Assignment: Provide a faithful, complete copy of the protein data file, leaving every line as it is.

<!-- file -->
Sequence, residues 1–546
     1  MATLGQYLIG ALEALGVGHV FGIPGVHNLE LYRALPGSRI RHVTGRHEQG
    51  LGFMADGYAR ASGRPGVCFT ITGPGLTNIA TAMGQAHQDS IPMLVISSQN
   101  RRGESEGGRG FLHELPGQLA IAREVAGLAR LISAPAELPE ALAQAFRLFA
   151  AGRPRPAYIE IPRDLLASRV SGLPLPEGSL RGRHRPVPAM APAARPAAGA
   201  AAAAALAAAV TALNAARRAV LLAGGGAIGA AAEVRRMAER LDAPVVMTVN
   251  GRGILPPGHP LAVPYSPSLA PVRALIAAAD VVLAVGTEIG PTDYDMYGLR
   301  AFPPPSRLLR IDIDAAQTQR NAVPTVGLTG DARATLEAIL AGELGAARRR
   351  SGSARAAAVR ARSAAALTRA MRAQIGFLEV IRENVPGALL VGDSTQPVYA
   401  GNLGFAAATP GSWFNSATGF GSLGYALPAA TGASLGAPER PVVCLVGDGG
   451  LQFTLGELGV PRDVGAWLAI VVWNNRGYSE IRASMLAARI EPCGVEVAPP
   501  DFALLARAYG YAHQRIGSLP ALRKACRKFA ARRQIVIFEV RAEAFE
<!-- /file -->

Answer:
Sequence, residues 1–546
     1  MATLGQYLIG ALEALGVGHV FGIPGVHNLE LYRALPGSRI RHVTGRHEQG
    51  LGFMADGYAR ASGRPGVCFT ITGPGLTNIA TAMGQAHQDS IPMLVISSQN
   101  RRGESEGGRG FLHELPGQLA IAREVAGLAR LISAPAELPE ALAQAFRLFA
   151  AGRPRPAYIE IPRDLLASRV SGLPLPEGSL RGRHRPVPAM APAARPAAGA
   201  AAAAALAAAV TALNAARRAV LLAGGGAIGA AAEVRRMAER LDAPVVMTVN
   251  GRGILPPGHP LAVPYSPSLA PVRALIAAAD VVLAVGTEIG PTDYDMYGLR
   301  AFPPPSRLLR IDIDAAQTQR NAVPTVGLTG DARATLEAIL AGELGAARRR
   351  SGSARAAAVR ARSAAALTRA MRAQIGFLEV IRENVPGALL VGDSTQPVYA
   401  GNLGFAAATP GSWFNSATGF GSLGYALPAA TGASLGAPER PVVCLVGDGG
   451  LQFTLGELGV PRDVGAWLAI VVWNNRGYSE IRASMLAARI EPCGVEVAPP
   501  DFALLARAYG YAHQRIGSLP ALRKACRKFA ARRQIVIFEV RAEAFE